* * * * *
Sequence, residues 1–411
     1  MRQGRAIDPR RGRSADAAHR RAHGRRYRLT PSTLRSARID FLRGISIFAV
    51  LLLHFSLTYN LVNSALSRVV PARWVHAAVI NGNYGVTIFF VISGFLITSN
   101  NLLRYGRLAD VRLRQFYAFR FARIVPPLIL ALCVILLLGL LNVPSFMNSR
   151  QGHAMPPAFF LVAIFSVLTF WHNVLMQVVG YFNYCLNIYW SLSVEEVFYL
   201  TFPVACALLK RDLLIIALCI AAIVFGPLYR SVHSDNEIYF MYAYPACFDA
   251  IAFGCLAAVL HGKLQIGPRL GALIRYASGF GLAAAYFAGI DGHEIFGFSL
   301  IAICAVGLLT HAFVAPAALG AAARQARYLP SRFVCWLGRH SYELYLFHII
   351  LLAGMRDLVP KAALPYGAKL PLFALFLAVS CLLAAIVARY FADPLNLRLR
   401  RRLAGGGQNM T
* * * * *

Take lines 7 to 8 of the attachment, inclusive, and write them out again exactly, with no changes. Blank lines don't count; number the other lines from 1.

   251  IAFGCLAAVL HGKLQIGPRL GALIRYASGF GLAAAYFAGI DGHEIFGFSL
   301  IAICAVGLLT HAFVAPAALG AAARQARYLP SRFVCWLGRH SYELYLFHII